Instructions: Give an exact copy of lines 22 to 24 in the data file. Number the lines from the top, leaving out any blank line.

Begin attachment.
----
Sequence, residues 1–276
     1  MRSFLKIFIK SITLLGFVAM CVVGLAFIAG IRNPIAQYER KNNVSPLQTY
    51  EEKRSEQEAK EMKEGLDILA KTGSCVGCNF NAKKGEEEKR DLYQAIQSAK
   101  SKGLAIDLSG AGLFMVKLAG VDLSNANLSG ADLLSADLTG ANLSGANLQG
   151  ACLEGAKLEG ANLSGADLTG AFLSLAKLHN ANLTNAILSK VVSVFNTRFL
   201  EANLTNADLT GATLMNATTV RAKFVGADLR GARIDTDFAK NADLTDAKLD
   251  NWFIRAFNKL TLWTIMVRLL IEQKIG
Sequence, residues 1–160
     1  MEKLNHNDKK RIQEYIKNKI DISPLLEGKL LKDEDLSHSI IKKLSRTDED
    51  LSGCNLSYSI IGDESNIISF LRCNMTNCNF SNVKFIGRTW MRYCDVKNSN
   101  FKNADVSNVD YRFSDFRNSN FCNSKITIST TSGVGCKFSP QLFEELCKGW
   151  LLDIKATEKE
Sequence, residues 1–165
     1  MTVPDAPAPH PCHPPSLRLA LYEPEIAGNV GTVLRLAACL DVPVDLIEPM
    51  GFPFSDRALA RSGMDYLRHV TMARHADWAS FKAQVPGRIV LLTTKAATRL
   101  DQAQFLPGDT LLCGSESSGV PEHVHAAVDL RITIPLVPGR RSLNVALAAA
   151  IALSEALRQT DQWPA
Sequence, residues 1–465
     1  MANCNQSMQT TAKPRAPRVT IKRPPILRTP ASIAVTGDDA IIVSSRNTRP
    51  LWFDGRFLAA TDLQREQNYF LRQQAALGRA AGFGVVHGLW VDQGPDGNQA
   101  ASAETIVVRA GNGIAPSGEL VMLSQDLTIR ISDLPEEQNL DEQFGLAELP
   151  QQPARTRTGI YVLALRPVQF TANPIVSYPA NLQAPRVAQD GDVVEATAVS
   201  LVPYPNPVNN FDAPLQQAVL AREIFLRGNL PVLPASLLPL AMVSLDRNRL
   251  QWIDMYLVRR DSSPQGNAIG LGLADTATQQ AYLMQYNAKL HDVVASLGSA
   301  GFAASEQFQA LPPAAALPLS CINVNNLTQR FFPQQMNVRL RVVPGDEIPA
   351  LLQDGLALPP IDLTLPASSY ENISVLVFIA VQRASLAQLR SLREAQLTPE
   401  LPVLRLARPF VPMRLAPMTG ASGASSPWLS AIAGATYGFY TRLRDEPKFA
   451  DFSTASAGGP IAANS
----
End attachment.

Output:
   151  QQPARTRTGI YVLALRPVQF TANPIVSYPA NLQAPRVAQD GDVVEATAVS
   201  LVPYPNPVNN FDAPLQQAVL AREIFLRGNL PVLPASLLPL AMVSLDRNRL
   251  QWIDMYLVRR DSSPQGNAIG LGLADTATQQ AYLMQYNAKL HDVVASLGSA